Gottlieb Daimler acquired an estate in Taubenheimstrasse in Cannstatt in 1882. The greenhouse on the premises was converted into a workshop where Gottlieb Daimler and Wilhelm Maybach set out to make their vision of individual mobility come true – a vision of a light, universal engine for vehicles on land, on water and in the air.

Gottlieb Daimler acquired an estate in Taubenheimstrasse in Cannstatt in 1882. The greenhouse on the premises was converted into a workshop where Gottlieb Daimler and Wilhelm Maybach set out to make their vision of individual mobility come true – a vision of a light, universal engine for vehicles on land, on water and in the air.

 Model of the "Motorised Carriage" and "Motor Boat" from 1886. 

Model of the "Motorised Carriage" and "Motor Boat" from 1886. 

  The greenhouse with its workbench and smithy became the refuge of the two engineers. Daimler and Maybach worked day and night and in complete secrecy. 

The greenhouse with its workbench and smithy became the refuge of the two engineers. Daimler and Maybach worked day and night and in complete secrecy. 

 The first high-speed test engine, from mid-Augst 1883.

The first high-speed test engine, from mid-Augst 1883.

  From the horizontal engine of 1883, Daimler and Maybach developed the upright single-cylinder unit, the so-called “grandfather clock”, whose crank mechanism and flywheel were for the first time encased in a crankcase sealed against oil and dust. This configuration served as a model for all engine designers at a later stage.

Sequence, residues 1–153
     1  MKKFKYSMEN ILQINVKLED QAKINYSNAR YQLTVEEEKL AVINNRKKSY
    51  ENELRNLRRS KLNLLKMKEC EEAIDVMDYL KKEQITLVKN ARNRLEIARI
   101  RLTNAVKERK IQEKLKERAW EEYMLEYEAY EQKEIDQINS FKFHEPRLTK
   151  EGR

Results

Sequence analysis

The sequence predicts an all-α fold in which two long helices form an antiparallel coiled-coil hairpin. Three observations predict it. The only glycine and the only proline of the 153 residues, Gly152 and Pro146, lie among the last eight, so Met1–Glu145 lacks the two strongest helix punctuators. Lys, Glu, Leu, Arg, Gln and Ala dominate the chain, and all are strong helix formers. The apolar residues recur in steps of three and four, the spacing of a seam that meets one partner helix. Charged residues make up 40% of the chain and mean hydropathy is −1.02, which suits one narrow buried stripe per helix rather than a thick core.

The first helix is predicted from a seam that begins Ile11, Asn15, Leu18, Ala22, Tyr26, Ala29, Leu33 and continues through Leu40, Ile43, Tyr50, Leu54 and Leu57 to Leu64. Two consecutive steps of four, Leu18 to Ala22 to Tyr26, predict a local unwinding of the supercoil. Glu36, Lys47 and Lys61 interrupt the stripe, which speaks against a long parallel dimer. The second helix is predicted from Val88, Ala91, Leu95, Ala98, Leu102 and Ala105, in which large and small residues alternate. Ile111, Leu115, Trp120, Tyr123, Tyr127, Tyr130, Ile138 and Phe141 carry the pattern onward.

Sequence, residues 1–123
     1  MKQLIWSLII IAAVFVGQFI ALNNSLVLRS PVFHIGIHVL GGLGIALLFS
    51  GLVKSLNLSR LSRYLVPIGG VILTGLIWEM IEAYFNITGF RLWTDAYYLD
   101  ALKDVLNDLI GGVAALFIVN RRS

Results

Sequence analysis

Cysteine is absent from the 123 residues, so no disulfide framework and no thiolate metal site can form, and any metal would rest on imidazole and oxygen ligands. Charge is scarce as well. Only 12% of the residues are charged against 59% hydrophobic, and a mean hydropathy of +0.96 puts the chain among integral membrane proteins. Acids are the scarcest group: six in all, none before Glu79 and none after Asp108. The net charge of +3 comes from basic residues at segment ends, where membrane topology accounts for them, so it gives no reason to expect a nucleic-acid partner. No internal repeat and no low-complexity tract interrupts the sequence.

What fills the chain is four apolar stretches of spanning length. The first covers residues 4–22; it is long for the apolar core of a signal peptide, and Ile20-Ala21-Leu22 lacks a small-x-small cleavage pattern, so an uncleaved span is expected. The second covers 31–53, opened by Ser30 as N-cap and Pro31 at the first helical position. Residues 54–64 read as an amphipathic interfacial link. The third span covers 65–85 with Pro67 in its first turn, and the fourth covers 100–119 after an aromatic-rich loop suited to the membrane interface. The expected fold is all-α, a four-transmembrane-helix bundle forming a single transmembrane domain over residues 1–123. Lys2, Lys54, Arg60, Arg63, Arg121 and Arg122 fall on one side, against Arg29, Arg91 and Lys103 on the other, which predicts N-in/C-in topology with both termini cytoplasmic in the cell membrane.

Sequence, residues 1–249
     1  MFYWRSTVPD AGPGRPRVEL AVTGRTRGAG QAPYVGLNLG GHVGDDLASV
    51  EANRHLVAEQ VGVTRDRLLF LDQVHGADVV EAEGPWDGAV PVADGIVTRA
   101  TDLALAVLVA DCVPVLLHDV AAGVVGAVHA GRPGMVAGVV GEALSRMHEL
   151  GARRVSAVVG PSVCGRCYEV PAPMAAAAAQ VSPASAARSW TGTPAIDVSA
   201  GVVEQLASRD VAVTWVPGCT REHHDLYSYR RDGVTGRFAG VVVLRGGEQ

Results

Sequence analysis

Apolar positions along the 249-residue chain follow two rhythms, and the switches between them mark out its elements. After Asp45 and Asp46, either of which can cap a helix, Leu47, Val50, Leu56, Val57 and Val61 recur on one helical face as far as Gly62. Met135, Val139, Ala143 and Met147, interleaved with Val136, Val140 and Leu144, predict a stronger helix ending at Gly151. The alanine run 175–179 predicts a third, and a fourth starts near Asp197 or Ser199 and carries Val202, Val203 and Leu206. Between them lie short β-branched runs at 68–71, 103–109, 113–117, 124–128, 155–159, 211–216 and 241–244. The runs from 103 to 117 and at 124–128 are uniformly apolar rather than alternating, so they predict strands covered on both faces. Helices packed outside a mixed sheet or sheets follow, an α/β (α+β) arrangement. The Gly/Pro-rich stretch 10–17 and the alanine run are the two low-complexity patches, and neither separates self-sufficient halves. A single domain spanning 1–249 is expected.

From the horizontal engine of 1883, Daimler and Maybach developed the upright single-cylinder unit, the so-called “grandfather clock”, whose crank mechanism and flywheel were for the first time encased in a crankcase sealed against oil and dust. This configuration served as a model for all engine designers at a later stage.

  The single-cylinder engine was suitable for installation into vehicles. They tested it first in a two-wheeler, the so called “riding car”. The vision of a lightweight, high-speed universal engine operating on petrol had become reality.

The single-cylinder engine was suitable for installation into vehicles. They tested it first in a two-wheeler, the so called “riding car”. The vision of a lightweight, high-speed universal engine operating on petrol had become reality.